There’s one thing that always makes me cringe when I watch Gotham: the violence. I admit that, as someone who is a fan of horror and action films, comic books of all age levels, and particularly violent video games, this is a weird confession to make. But there’s something unpleasantly surprising about the violence in this show. Perhaps it’s because it’s a network show (and not HBO or Showtime, where you’d expect this sort of thing) – or maybe it’s because Gotham is trying so hard to alarm the viewers who are jaded Batman fans. Either way, I find it gratuitous.
“Welcome Back, Jim Gordon” featured two heavily violent sequences to propel the plot: the torture of Fish Mooney by Falcone’s men and the murder of a witness in the interrogation room at the G.C.P.D. Both were unpleasant to watch and left a sour taste in my mouth. I know that the writers and producers want to illustrate the crime, corruption, and danger of Gotham City. But at this point, it’s frustrating to watch. As a Batman fan, I know the G.C.P.D. is overrun with crooked cops and is paid off by crooked politicians and dangerous mobsters. But like Jim Gordon, I’m exhausted by this subplot. I’m ready to move on to Gordon’s rise in the force, and to Bruce and Selina maturing into the people they will someday become.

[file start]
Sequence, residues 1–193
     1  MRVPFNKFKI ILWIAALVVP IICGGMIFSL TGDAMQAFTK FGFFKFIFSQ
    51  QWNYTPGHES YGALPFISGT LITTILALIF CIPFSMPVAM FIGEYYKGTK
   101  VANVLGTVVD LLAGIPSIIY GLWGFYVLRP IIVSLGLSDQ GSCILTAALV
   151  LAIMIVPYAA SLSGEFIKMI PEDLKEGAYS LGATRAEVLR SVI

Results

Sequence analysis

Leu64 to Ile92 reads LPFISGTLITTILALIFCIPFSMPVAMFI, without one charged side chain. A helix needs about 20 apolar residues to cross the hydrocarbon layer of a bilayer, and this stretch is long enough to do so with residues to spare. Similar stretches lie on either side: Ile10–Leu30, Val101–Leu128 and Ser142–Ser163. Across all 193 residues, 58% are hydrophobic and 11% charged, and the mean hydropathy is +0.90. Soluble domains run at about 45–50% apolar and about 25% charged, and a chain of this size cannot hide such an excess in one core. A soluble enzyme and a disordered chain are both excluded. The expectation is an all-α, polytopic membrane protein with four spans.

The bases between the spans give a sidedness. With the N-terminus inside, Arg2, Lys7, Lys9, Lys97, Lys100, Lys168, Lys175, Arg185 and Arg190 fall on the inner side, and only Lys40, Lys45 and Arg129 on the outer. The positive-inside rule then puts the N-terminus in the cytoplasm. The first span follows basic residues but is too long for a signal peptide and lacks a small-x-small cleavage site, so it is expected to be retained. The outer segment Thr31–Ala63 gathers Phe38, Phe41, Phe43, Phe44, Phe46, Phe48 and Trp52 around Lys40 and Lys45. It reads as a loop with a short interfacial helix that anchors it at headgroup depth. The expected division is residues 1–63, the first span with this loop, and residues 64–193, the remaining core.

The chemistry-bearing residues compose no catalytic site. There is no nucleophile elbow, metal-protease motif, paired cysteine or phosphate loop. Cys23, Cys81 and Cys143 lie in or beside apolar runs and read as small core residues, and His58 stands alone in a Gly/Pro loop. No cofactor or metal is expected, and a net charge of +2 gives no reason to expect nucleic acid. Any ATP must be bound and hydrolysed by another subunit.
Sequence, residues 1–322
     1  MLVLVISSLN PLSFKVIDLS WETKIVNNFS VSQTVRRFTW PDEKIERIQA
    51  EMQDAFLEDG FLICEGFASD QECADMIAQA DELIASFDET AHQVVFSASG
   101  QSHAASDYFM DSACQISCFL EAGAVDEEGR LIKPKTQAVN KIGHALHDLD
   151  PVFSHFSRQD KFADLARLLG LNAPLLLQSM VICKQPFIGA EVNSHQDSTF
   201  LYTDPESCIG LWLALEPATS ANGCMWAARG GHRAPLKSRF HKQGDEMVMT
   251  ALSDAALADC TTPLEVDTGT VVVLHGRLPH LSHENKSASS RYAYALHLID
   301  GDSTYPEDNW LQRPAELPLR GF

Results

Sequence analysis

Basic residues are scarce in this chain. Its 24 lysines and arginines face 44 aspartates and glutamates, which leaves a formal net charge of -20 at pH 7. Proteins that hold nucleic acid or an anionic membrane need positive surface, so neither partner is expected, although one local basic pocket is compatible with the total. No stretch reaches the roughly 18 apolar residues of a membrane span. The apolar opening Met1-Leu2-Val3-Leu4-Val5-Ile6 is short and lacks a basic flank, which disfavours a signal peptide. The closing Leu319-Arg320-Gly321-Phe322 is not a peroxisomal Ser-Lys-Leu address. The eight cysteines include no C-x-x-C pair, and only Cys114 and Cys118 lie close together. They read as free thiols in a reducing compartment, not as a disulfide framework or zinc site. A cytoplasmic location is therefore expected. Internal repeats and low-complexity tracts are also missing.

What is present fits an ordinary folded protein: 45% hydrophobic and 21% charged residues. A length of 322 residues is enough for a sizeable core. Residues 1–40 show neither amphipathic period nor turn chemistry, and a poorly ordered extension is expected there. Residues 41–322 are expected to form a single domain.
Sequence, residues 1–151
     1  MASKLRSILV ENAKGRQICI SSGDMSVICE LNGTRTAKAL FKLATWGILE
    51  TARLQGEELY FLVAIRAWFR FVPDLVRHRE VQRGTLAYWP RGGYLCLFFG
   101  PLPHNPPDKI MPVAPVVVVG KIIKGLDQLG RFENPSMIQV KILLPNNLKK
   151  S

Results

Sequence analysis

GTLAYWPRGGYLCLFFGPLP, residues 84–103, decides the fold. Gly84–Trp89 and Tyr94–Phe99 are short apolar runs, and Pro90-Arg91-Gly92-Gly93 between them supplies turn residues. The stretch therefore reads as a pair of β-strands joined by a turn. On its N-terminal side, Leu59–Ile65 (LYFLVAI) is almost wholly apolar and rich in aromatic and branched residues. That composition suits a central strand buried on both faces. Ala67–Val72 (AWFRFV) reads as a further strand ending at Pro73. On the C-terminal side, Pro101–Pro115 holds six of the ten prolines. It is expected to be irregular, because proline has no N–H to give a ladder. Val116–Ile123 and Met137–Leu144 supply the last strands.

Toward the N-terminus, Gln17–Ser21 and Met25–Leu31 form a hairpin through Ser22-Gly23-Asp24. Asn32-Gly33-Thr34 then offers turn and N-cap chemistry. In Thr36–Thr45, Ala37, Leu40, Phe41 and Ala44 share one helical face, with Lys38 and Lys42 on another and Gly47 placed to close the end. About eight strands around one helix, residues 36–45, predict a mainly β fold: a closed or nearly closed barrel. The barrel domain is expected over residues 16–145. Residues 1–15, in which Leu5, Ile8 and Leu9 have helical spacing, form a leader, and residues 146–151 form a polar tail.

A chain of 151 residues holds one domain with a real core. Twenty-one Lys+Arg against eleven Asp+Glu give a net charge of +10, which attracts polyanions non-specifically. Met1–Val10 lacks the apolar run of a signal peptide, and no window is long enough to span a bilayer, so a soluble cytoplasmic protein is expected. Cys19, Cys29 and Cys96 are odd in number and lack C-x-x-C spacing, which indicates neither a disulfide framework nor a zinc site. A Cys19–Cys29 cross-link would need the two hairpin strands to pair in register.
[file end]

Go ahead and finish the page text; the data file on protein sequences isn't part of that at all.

Aside from the violence, the episode was actually pretty interesting to watch and had some decent suspense. Oswald prematurely celebrates his acquisition of Mooney’s nightclub and also seems to consider Jim Gordon an actual friend, which is pretty fun to watch. Bruce forces Alfred to drive around the seedy parts of Gotham searching for Selina in their town car but instead stumbles upon Ivy, who claims to know where to find the missing Selina. Gordon is certain that a cop is behind the murder in the interrogation room, but of course he doesn’t dare accuse a police officer without risking his job or those of his partner and boss. Mooney is tortured and rescued and seeks revenge on Oswald, and Edward is an awkward creep around his office crush and then mercilessly teased by other police officers. I still don’t feel sorry for him.
Equally awkward is Bruce’s request for Selina to move into his mansion. He attempts to woo her with presents but she accuses him of hassling her. Though she claims that she never saw who killed Thomas and Martha Wayne, I truly enjoyed her putting Bruce in his place and just telling him to leave her alone. Whether or not she’s lying, she at least took back some of her agency.
Overall, the episode upset me but also kept me interested. At this point in the first season, I can safely say that Gotham hasn’t wowed me yet…but it also hasn’t fully disappointed me. Here’s hoping the rest of the season improves.
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